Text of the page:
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New Tool Approved for Counterfeit Component Mitigation

ECIA and PRI have jointly released the audit checklist AC7403.

Checklist Enables AS6496 Certification

In a joint press release the Electronic Component Industry Association (ECIA) and Performance Review Institute (PRI) announced the release of a new standard titled “AC7403: Audit Criteria for Counterfeit Mitigation by Authorized Distribution.” Per the announcement: “This checklist provides the framework for audit and certification through PRI to the requirements of the standard for counterfeit mitigation in authorized distribution, AS6496.”  It was noted that the same members were involved in developing both standards and included several aerospace OEM representatives.

According to Kevin Sink, VP of quality at TTI, the benefit of this new standard is that it “enables the authorized channel to provide further confidence to customers that authorized distributors have certified procedures to ensure that counterfeit materials do not enter the supply chain.” 

“This certification also provides confidence in their authorized distributor’s compliance to the requirements for counterfeit mitigation,” added John Sharp, TE Connectivity global quality leader. “There is no need for the OCM to audit, assess, or verify their authorized distributors. Evidence from the PRI audit is acceptable.

“Additionally, OCMs can provide this evidence, from their distributors, to our joint customers,” Sink added. “This reinforces the benefits of using authorized distributors and reduces potential product compliance, legal issues and costs related to counterfeit materials being introduced into the supply chain.”

The audits will be performed by PRI. The first audit has already been performed with Mouser Electronics, a subsidiary of TTI, according to Pete Shopp, VP of global operations.

Audits will be performed by PRI and utilize a process like that employed in its world-recognized, leading audit process for special processes, NADCAP. Because of the rigor of this approach, all members in the supply chain can rest easy when working with a certified supplier. The first authorized distributor to be audited to the AC7403 checklist by PRI was Mouser Electronics.

“Mouser is proud to be the first Authorized Distributor to complete all the requirements for AC7403 certification,” said Pete Shopp, VP of global operations at Mouser Electronics. “With the current supply constraints in the marketplace, it is even more important for customers to know that their distributor is meeting the AS6496 anti-counterfeit measures.”

Aerospace Involvement Highlights Safety Issues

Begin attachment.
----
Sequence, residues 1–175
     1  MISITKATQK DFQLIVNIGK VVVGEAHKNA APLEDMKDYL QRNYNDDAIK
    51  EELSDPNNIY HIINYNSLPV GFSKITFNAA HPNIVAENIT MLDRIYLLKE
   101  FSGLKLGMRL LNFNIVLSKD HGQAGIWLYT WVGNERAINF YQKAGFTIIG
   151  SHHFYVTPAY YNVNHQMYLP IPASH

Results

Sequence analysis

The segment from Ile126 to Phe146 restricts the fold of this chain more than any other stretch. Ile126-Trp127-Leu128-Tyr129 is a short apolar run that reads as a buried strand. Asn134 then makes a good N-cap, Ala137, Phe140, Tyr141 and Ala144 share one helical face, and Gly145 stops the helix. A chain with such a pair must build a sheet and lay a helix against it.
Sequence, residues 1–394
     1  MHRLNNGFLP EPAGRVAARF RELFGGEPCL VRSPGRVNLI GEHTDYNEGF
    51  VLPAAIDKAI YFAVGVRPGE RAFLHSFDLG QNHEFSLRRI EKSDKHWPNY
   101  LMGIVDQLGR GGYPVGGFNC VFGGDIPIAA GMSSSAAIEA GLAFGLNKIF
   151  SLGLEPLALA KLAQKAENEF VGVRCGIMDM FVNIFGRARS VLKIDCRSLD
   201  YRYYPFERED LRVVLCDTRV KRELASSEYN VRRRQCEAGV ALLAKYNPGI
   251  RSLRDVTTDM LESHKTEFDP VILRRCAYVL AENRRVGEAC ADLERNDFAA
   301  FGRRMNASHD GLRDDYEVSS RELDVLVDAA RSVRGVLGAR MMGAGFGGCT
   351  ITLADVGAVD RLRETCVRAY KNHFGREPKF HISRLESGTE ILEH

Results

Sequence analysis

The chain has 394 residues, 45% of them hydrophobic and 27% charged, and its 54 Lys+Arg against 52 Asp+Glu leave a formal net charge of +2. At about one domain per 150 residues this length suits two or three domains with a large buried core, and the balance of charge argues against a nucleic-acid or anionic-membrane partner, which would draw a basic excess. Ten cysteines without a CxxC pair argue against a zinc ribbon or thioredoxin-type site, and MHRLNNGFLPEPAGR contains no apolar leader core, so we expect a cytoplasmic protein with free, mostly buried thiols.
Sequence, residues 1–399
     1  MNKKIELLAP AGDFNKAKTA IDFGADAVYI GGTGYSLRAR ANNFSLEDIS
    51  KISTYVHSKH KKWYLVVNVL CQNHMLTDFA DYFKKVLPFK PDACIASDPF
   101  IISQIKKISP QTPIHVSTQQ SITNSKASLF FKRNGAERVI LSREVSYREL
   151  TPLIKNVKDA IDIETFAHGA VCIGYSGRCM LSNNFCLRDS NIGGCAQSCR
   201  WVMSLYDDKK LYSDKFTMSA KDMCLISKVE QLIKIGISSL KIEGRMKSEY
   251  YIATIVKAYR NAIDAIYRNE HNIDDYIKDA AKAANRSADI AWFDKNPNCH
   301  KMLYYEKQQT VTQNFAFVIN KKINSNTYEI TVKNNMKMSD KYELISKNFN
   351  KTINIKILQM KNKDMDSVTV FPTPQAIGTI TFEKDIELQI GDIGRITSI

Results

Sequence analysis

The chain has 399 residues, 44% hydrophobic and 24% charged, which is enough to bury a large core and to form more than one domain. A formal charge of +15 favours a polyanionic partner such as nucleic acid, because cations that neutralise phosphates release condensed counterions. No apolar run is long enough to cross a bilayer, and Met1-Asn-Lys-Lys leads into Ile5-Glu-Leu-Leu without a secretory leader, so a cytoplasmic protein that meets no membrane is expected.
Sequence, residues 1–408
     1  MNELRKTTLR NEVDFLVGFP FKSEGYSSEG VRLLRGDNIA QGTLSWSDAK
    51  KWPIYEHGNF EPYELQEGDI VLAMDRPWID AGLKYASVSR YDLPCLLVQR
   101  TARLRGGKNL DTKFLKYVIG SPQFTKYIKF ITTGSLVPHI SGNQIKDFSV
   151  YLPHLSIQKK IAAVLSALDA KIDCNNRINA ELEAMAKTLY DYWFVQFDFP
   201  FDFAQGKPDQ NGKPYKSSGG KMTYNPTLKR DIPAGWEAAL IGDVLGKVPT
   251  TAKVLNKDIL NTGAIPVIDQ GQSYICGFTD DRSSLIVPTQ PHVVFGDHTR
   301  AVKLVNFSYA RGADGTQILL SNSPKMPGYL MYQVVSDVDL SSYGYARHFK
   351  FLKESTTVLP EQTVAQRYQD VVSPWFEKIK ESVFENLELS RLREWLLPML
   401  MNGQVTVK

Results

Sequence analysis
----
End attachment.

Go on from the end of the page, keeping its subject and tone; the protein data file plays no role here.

The press release specifically noted the participation of “several aerospace OEM representatives.” This highlights the particular safety problems posed by counterfeit components. In a recent report it was noted that the Federal Aviation Administration (FAA) discovered 3,000 suspected unapproved parts (SUPs) in inspections since 2011. In assessing the problem in the aviation industry, one of the main points of vulnerability has been identified as maintenance, repair, and operations (MRO) units in foreign countries. Incentives to cut corners and use SUPs comes from cost control pressures, profiteering, and a shortage of genuine original equipment manufacturer (OEM) parts.

“A lot of our airlines have outsourced their heavy maintenance overseas, where one criminal could put in a part that’s going to cause a critical failure in that aircraft,” U.S. Congressman Peter DeFazio recently cautioned. Illustrating his fear was a recent report by a whistleblower, who claimed some parts manufactured in China were made with inferior materials and processes, and then shipped with fabricated documentation. The pressures for SUPs will only grow as rising demand for spares on some popular engines are predicted to outstrip supply in 2019.

Another Valuable Tool

This latest audit standard will provide another important tool in battling the continuing challenge of counterfeit components. Implementation of this audit standard across the supply chain will be required if it is to be successful in its mission. That means other key industry organizations and regulatory bodies will need to mandate its use.  For example, the FAA will need to impose this standard on all key players who have any role in introducing components into airplanes, whether it is at the point of production or in maintenance operations. 

This is a valuable tool, but only one tool in a complete approach that needs to be implemented to provide supply chain protections. New technologies such as blockchain can also create the type of visibility that is needed to shine light on the problem of counterfeit parts and erect barriers to their introduction to the supply chain.

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